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Friday, August 28, 2015

When Did It Become Okay?



I’ve purposely put off writing this post for a number of weeks, though I’ve been thinking about it, formulating it, rehearsing it, and editing it.  Ever since the Charleston, South Carolina shooting this past June.  Actually, ever since the Columbine High School shooting.  And ever since the Pearl, Mississippi shooting.  And ever since the Virginia Tech shooting.  And ever since the bombing at the Boston Marathon.  And ever since the Aurora, Colorado movie theater shooting.  And yes, ever since my son was shot and killed a year ago.

When did it become okay to enter a movie theater and shoot people who were there to relax and enjoy themselves?  It had never occurred to me that if I went to a movie with Kim, or if my daughters went to a movie, our lives . . . your lives . . . might be in jeopardy because someone might pull out a gun and start shooting randomly.

When did it become okay for someone to go to a church and sit in a prayer group or a Bible study and begin shooting people because of the color of their skin?  I’ve always thought of a church as a place of peace and a place for prayer and thoughtful meditation.  Never would I have to worry about someone who might be unhinged enough to want to kill.  Never.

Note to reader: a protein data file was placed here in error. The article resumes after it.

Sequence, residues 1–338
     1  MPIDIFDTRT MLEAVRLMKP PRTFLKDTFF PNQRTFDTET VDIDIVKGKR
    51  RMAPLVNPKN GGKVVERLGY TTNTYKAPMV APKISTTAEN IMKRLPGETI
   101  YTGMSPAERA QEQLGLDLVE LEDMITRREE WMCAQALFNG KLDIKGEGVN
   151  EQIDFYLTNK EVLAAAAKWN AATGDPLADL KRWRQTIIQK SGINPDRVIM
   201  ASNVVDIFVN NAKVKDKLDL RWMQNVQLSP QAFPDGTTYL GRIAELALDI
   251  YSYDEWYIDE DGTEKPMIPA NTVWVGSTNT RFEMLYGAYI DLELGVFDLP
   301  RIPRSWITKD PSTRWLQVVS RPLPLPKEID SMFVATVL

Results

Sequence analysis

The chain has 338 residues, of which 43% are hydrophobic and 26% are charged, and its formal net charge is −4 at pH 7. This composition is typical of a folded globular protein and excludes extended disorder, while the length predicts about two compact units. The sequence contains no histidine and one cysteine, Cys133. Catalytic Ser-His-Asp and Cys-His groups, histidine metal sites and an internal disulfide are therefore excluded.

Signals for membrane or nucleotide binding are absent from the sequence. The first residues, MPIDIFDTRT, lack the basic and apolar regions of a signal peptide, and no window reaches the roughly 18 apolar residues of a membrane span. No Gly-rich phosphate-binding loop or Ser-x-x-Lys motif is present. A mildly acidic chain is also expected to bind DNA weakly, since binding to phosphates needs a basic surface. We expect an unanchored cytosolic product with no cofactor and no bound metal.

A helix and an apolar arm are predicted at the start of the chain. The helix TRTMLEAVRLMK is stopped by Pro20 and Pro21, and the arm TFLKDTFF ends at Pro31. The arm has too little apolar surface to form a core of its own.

When did it become okay for a disgruntled, bullied child to enter a school and begin shooting either because he or she didn’t think they’d get help, or perhaps didn’t seek help, or perhaps, they just wanted to get even on their own terms?  It never occurred to me in my thirty-nine years in education, the kids and the staff . . . my kids and my staff . . . might be in jeopardy.

When did it become okay for one kid to shoot at another kid because of a difference in gangs and turf and territory?  And in so doing, when did it become okay for innocent bystanders, those who happened to be on the street at the wrong time and in the wrong place, to be shot and killed?  It never occurred to me that it would be dangerous to walk to a restaurant, do some shopping and walk back home.  It never occurred to me that my life, one’s life, would be in jeopardy.

When did it become okay for someone whose religion “tells” them to strap on a bomb, walk to a crowded area, and set it off, taking not only that life, but the lives of many innocent men, women and children?  In the name of . . . who, exactly?  I don’t think my God would ever ask me to do that, because I’ve always believed in a God of mercy, and forgiveness, and love.

When did it become okay to minimize and marginalize groups of people?  When did it become okay for a candidate for President of the United States can get cheers and chuckles for calling women bimbos, saying that one or more of them is fat, that one or more is ugly?  When did it become okay for a candidate to say that an entire group of people, an entire race of people, are drug dealers, prostitutes, criminals?  I’ve always wanted leaders to lead by example, not by bombastic rhetoric.  I’ve always wanted leaders to speak the truth, not just the flavor of the moment, to speak the truth, and not just something that might get him or her elected.  I’ve always wanted leaders to bring people together, not pull us apart.  I’ve always wanted leaders to remember that our past was built by those disenfranchised, those persecuted, and those who struggled to survive and who came to America to seek a better life for themselves and their families.